Liam Heath won Team GB’s 25th gold medal of the Rio 2016 Olympic Games with a stunning victory in the K1 200m canoe sprint at the Lagoa Stadium.
Liam Heath has ensured that the K1 200m canoe sprint crown remains in British hands after winning the final at the Lagoa Stadium in Rio.
The men’s K1 200m was only added to the Olympic schedule four years ago, with Team GB’s Ed McKeever claiming the first title at London 2012.
Heath won the gold medal by completing the course in 35.197 seconds on 20 August.
Having teamed up with Jon Schofield for K2 200m bronze in London and silver in the same event in Rio, the 32-year old paddler from Guildford is now tied with Tim Brabants and David Florence as the most decorated British Olympic canoeist of all time with three medals.
However, Heath is the quickest of the trio to achieve the feat, with Rio 2016 just his second Olympic Games.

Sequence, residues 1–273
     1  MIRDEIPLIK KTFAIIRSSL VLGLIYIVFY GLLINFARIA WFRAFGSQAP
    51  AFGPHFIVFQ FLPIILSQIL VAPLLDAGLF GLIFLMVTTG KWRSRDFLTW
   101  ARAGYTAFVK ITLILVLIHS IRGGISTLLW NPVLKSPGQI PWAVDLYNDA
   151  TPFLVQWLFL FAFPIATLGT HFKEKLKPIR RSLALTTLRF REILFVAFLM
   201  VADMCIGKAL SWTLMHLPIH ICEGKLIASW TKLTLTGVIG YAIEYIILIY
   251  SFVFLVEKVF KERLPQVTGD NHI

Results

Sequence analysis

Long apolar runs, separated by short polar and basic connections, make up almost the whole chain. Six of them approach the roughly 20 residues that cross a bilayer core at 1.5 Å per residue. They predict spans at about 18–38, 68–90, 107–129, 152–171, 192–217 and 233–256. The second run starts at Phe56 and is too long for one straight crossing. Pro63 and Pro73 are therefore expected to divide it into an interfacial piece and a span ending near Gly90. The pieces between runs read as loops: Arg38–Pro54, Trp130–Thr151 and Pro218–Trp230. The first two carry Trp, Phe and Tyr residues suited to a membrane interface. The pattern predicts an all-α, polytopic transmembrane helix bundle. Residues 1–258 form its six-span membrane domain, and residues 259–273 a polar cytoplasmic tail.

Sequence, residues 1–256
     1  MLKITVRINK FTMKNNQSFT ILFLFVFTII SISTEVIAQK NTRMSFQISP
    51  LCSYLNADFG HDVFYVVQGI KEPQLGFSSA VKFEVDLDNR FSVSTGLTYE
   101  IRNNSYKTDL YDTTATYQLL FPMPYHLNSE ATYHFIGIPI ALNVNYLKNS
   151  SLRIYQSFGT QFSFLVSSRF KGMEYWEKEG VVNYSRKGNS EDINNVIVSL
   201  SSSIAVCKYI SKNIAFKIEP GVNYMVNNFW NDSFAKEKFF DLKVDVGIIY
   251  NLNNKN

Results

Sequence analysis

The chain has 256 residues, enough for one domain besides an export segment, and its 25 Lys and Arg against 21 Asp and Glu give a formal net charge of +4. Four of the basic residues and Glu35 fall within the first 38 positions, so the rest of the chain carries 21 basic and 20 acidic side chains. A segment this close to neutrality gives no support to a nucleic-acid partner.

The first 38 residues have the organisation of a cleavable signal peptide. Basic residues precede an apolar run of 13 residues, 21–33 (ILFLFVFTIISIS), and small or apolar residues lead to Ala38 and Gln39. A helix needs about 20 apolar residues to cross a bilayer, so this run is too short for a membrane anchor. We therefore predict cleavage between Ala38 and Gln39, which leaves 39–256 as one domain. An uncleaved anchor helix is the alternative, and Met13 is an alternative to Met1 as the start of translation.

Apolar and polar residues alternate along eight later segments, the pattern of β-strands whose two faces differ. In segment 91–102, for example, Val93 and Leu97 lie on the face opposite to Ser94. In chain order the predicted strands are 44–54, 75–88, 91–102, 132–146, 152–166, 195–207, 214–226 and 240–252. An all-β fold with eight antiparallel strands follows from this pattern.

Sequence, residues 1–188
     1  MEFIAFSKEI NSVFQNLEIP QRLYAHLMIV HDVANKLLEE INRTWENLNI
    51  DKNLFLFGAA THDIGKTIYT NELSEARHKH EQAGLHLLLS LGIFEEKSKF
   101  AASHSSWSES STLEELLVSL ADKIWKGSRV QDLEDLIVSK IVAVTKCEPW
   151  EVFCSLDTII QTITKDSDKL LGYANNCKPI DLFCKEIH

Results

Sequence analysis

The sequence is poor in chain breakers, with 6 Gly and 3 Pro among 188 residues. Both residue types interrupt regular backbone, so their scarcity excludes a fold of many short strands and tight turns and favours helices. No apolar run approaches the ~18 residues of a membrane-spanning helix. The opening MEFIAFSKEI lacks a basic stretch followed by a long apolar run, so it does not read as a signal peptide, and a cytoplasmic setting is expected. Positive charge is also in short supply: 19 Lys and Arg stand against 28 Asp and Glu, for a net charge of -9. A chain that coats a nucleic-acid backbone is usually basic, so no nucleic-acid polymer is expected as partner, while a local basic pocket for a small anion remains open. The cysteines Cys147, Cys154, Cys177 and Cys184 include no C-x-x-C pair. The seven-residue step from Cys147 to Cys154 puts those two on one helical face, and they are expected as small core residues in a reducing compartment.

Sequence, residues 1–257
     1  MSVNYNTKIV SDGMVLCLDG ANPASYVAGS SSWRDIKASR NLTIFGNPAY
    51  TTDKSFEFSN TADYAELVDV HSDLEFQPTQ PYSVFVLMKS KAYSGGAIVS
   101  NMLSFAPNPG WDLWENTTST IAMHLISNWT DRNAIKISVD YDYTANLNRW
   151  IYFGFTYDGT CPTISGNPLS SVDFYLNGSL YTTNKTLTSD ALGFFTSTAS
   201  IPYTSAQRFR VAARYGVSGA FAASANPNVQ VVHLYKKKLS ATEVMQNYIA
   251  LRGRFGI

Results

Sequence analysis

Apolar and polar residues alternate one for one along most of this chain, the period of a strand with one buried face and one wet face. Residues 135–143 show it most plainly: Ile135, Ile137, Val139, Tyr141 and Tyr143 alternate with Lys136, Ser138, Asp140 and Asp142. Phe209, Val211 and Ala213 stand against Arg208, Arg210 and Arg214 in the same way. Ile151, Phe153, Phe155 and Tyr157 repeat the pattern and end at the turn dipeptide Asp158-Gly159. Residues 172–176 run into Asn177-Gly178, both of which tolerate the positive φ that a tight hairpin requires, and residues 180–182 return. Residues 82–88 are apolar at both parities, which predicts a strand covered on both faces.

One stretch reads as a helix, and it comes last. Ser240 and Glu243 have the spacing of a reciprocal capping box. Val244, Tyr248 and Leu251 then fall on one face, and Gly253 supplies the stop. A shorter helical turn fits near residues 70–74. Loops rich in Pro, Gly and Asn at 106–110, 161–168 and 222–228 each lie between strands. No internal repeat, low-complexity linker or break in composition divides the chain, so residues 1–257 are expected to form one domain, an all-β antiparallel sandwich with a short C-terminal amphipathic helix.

“I’ve got the set now after bronze in London and silver and gold here. It’s incredible. I’m over the moon,” said a jubilant Heath.
“The slight headwind made the race a bit longer so I had to keep that in mind and try to keep the pace at the end of the race,” he continued.
“I had an inkling I had won but I was just so focused on my lane and those work blocks which is your finish point, that I’d blanked everything out. I crossed the line, looked around and had an inkling I was in front but then when you finally see your name up on the board it starts to sink in a bit,” said Heath.
He praised those who had helped him achieve his win.
“It’s an absolutely incredible feeling. All the efforts of so many people behind me – my team, UK Sport, National Lottery funding, my coach, my family, my friends. They’ve all been behind me and their efforts have combined in to one moment when you cross that line and it’s pretty intense,” said Heath.
“Essentially it’s what I’ve worked for all my life. I just started coming back into the sport in 2009 after leaving it without any thought of competing again. To think that if I hadn’t come back in, I’d be missing out on this is quite scary to be honest,” he admitted.